Officer Fulton managed to come upon the fugitive; Bevis was dashing across the open space in front of the school building at that point with Officer Fulton close on his heels. Shots were exchanged; Fulton stumbled, raised himself on one knee and was just taking aim at Bevis when the gunman wheeled and fired point blank at the officer. The heavy 45 slug struck the officer in the head, and Stomach; he dropped. Officer Fulton never regained consciousness and died a few minutes after he was admitted to the V.G. Hospital. Bevis escaped unscathed, except for a bullet wound in the foot.

Every available member of the police force was included in the posses with the members of the I.C.R. Police, the R.C.M.P. County Constables and members of the Fire Department. Inspector La Nauze sent an armed squad, and every man who could carry a gun was sent out with the orders, “Dead or alive, shoot to kill, if necessary!”

Officer Smith said that as they ran Bevis would switch around and shoot. During the day many citizens joined the man-hunt, despite the danger of flying bullets, hundreds of men, women and children followed the police in their rushes from point to point. The firing of guns at times was terrific, hundreds of shots were fired at Bevis and it’s a miracle that women and children were not struck. Bullets were flying in all directions. The whizz and whine of them giving many an idea of what war meant.

One of the bullets crashed through the glass door of the home of J.T. Kieley, 123 Le Marchant Street and embedded itself in the hallway. Mr. Kieley had been standing by the door seconds before this.

Bevis was finally taken in Camp Hill Cemetery. He had received a slight wound in the foot. He gave himself up at last after Officer Fox ordered him to surrender. He came out from under a bush and raised his hands. He told Officer Fox, “I had one more shot left Fox, but I did not want to use it because I knew you.”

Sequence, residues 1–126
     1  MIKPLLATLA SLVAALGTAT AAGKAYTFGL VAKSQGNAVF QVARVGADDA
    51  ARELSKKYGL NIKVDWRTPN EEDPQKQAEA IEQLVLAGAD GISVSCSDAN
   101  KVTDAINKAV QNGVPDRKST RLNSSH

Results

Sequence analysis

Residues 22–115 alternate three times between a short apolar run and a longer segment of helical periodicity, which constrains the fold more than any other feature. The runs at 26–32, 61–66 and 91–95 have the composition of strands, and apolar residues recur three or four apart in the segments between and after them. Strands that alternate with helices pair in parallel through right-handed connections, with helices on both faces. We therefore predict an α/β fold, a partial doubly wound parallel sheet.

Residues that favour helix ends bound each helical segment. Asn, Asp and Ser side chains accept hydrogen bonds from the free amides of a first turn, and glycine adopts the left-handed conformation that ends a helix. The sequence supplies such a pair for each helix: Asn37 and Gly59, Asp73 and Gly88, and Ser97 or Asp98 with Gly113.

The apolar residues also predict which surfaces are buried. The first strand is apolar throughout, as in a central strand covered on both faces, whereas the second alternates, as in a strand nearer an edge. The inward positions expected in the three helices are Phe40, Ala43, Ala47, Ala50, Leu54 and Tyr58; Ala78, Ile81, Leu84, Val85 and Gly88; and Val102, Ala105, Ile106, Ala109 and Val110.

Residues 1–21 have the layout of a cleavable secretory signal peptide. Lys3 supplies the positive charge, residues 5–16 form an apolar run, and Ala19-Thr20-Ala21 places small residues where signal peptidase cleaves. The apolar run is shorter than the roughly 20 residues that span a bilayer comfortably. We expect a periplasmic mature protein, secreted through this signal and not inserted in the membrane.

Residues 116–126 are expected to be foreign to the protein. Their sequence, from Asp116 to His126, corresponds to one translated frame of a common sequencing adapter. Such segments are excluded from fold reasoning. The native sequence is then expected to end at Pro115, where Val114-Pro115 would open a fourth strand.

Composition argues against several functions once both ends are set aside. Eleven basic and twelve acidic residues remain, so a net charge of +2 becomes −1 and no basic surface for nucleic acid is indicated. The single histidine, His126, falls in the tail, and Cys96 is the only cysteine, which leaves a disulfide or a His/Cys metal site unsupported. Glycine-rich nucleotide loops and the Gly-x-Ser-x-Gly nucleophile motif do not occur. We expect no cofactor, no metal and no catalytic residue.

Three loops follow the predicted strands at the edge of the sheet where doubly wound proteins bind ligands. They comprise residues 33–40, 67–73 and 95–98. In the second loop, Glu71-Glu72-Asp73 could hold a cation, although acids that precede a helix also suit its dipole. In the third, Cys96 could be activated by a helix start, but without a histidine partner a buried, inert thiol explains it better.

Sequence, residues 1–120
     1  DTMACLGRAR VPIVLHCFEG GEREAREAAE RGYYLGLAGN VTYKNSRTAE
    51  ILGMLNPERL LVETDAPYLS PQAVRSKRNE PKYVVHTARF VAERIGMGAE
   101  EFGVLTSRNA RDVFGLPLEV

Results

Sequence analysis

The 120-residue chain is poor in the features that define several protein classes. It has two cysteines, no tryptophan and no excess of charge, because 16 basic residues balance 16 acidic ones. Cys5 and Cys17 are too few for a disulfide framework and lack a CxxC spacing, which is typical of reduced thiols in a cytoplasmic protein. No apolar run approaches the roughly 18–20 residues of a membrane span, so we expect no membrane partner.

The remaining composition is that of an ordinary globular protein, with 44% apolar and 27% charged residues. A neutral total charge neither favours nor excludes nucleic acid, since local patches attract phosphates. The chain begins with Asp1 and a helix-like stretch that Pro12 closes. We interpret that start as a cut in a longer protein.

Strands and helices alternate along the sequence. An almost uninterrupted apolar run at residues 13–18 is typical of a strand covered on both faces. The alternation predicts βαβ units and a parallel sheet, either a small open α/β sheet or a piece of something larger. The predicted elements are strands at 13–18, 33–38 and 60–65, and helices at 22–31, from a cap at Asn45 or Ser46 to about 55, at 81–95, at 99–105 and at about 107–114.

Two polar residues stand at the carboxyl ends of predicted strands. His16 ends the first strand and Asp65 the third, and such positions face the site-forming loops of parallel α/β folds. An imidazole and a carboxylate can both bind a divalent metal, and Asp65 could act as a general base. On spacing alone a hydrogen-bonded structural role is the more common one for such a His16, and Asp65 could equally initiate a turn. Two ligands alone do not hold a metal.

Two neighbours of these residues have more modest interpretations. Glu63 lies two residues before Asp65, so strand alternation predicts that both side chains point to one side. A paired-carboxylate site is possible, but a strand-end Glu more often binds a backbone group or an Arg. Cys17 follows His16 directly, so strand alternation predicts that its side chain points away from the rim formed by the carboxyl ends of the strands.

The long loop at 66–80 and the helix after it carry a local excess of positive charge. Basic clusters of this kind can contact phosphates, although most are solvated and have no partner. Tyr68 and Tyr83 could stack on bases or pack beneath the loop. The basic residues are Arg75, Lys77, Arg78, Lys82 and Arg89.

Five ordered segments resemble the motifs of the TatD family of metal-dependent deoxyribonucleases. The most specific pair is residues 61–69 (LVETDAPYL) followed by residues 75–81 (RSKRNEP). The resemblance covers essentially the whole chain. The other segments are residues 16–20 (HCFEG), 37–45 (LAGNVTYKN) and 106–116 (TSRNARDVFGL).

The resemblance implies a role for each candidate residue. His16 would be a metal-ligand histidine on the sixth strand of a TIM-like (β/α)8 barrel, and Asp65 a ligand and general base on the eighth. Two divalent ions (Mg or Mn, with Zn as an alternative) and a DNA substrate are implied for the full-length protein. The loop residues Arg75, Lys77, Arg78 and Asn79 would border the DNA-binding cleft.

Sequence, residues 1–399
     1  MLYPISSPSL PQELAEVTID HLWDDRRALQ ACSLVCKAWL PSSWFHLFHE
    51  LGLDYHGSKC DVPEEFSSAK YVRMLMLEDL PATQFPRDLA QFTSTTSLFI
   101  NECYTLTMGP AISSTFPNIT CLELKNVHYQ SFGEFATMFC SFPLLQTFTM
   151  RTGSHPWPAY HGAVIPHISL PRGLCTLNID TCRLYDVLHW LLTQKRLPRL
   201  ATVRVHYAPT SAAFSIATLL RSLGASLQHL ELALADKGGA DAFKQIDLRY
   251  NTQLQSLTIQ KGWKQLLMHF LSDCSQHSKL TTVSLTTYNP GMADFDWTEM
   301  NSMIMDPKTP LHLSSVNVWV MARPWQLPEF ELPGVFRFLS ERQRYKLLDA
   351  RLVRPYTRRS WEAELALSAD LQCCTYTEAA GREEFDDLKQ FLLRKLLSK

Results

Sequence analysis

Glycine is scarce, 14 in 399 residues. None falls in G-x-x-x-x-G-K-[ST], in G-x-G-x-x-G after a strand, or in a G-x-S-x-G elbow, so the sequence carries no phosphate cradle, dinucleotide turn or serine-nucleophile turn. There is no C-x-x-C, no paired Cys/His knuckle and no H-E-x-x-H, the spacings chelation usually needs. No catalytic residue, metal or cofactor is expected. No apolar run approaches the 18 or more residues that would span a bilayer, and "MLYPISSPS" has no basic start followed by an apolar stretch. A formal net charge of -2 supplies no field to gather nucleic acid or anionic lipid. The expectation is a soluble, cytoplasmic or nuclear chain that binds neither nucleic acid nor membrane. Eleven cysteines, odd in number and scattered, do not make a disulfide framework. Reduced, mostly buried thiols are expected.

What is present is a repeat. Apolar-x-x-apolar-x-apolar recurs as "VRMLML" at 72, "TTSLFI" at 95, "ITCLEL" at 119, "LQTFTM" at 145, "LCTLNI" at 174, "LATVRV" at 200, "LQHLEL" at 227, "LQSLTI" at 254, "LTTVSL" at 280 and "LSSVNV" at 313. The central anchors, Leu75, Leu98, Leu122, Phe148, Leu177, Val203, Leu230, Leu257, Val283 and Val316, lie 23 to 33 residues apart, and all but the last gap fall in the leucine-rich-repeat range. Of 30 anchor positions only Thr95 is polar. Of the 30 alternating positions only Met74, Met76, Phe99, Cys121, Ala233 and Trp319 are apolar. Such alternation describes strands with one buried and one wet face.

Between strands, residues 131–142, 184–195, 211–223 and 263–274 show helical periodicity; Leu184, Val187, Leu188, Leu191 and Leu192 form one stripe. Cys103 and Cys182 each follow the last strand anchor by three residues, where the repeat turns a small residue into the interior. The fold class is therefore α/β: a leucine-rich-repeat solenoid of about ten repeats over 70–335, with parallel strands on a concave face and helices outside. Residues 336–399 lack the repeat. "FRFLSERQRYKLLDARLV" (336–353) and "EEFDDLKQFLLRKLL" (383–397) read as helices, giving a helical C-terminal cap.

Later Bevis told the officers that Officer Reyno was the man that he wanted to get because he caused all his troubles. Bevis said, “I would have shot him if I had seen him.”

Lewis Bevis said, “I’m not sorry for what I have done; I am going to swing for it anyway.”

He told the detectives that he blamed his father for the life he had led and said that he never had a happy day in his life since his childhood.

When the police took his revolver from him they discovered three unexploded shells. Bevis defiantly told his captors, “There was one for Reyno, one for Aitken and one for myself.”

Lewis Marshall Bevis was found guilty of killing Officer Charles Fulton and hanged on Feb. 22, 1925.

Constable Charles R. Fulton
He was killed on Monday July 14, 1924
He was Halifax Police Department’s first police officer killed in the line of duty.
He was shot while trying to apprehend a suspect.

Article in The Evening Mail Newspaper
July 18, 1924

The funeral of Officer Fulton was held at St. John’s Presbyterian Church and the interment was at Fairview Cemetery. Also there was an impressive Masonic service.

The young widow of Policeman Charles Fulton lived on Almon Street. Charles Fulton was born in Upper Stewiake, 28 years ago. He was a sturdy, right-thinking young man of good old Presbyterian faith and when the call for soldiers came, he went overseas with the first detachment of the 63rd rifles.

He fought bravely in France as a corporal in a machine gun corps and was awarded a military medal for notable conspicuous bravery. Two and a half years ago he married a Halifax girl, Pearl Hartlen, who is now only twenty-one years of age.

Early in the morning on the day he died- “I’m going down to the cellar to try out my gun,” he said.
“All right but be careful not to shoot the cat, “replied his wife.
“No, dear, I don’t want to shoot the cat or any living thing, if I can help it, “ was his reply.

Perhaps that was what held him back from killing Bevis, when he had the opportunity. When Bevis pointed the gun at him and warned him to stop the chase, he could have shot him, but he did not and paid for it with his life!